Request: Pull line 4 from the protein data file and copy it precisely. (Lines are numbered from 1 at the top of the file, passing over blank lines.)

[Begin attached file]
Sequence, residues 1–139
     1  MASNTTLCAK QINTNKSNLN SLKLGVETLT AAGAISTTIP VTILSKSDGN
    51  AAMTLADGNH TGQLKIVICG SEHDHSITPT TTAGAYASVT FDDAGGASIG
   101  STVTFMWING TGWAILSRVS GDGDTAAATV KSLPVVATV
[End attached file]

   101  STVTFMWING TGWAILSRVS GDGDTAAATV KSLPVVATV